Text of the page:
noun, plural par·o·dies.
  1. a humorous or satirical imitation of a serious piece of literature or writing: his hilarious parody of Hamlet's soliloquy.
  2. the genre of literary composition represented by such imitations.
  3. a burlesque imitation of a musical composition.
  4. any humorous, satirical, or burlesque imitation, as of a person, event, etc.
  5. the use in the 16th century of borrowed material in a musical setting of the Mass (parody Mass).
  6. a poor or feeble imitation or semblance; travesty: His acting is a parody of his past greatness.
verb (used with object), par·o·died, par·o·dy·ing.
  1. to imitate (a composition, author, etc.) for purposes of ridicule or satire.
  2. to imitate poorly or feebly; travesty.

Origin of parody

1590–1600; < Latin parōdia a parody < Greek parōidía a burlesque song or poem. See par-, ode, -y3
Related formspar·o·di·a·ble, adjectiveself-par·o·dy, noun, plural self·-par·o·dies.un·par·o·died, adjective
Can be confusedburlesque caricature cartoon parody satire (see synonym study at burlesque)

Synonym study

1, 2. See burlesque. Unabridged Based on the Random House Unabridged Dictionary, © Random House, Inc. 2018

Examples from the Web for self-parody

Contemporary Examples of self-parody

  • Domestically, its Jewish outreach efforts have reached the point of self-parody.

    The Daily Beast logo
    Obama, Don't Go Wobbly on Israel

    Peter Beinart

    July 6, 2010

  • Remaining a pop phenomenon for 20 years without dying or lapsing into self-parody is quite a feat.

    The Daily Beast logo
    The Book on Aging Rockers

    Jane Ciabattari

    June 29, 2010

  • Douglas, often a rather stolid actor, possessed the savvy to come near the brink of self-parody without falling over the edge.

    The Daily Beast logo
    Who Killed Gordon Gekko?

    Richard Porton

    May 14, 2010

British Dictionary definitions for self-parody


  1. the act or an instance of mimicking oneself in a humorous or satirical way


noun plural -dies
  1. a musical, literary, or other composition that mimics the style of another composer, author, etc, in a humorous or satirical way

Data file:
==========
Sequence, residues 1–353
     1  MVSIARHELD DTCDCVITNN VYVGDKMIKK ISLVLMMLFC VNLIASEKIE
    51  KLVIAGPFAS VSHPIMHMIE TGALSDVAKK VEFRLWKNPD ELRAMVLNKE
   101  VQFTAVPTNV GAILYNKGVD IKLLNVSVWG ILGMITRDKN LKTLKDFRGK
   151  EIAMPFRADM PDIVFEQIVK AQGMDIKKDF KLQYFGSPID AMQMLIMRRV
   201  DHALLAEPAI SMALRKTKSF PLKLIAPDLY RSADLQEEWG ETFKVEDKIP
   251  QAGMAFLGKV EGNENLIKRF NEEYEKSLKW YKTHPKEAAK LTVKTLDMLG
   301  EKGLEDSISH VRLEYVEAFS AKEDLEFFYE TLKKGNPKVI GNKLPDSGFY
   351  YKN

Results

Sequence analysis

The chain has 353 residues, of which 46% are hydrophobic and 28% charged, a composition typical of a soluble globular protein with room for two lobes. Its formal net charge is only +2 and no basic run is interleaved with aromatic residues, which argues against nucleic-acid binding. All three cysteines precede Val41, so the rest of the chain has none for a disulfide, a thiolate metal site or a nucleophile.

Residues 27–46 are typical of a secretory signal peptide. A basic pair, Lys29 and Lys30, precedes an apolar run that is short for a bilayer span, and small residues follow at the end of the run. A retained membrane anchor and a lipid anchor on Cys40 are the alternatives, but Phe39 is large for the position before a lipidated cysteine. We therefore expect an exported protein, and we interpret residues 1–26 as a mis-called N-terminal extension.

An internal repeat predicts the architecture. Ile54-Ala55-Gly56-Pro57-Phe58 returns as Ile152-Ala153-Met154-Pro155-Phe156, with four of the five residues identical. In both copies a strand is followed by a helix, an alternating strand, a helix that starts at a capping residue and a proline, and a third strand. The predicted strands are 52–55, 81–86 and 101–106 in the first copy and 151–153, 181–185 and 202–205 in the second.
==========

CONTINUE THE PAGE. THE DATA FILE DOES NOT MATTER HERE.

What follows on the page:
2. mimicry of someone's individual manner in a humorous or satirical way
  3. something so badly done as to seem an intentional mockery; travesty
verb -dies, -dying or -died
  1. (tr) to make a parody of
Derived Formsparodic (pəˈrɒdɪk) or parodical, adjectiveparodist, noun

Word Origin for parody

C16: via Latin from Greek paroidiā satirical poem, from para- 1 + ōidē song
Collins English Dictionary - Complete & Unabridged 2012 Digital Edition © William Collins Sons & Co. Ltd. 1979, 1986 © HarperCollins Publishers 1998, 2000, 2003, 2005, 2006, 2007, 2009, 2012

Word Origin and History for self-parody



c.1745, from parody (n.). Related: Parodied; parodying.



1590s (first recorded use in English is in Ben Jonson), from or in imitation of Latin parodia "parody," from Greek paroidia "burlesque song or poem," from para- "beside, parallel to" (see para- (1), in this case, "mock-") + oide "song, ode" (see ode). The meaning "poor or feeble imitation" is from 1830. Related: Parodic; parodical.

Online Etymology Dictionary, © 2010 Douglas Harper

self-parody in Culture


In art, music, or literature, a satire that mimics the style of its object.

The New Dictionary of Cultural Literacy, Third Edition Copyright © 2005 by Houghton Mifflin Harcourt Publishing Company. Published by Houghton Mifflin Harcourt Publishing Company. All rights reserved.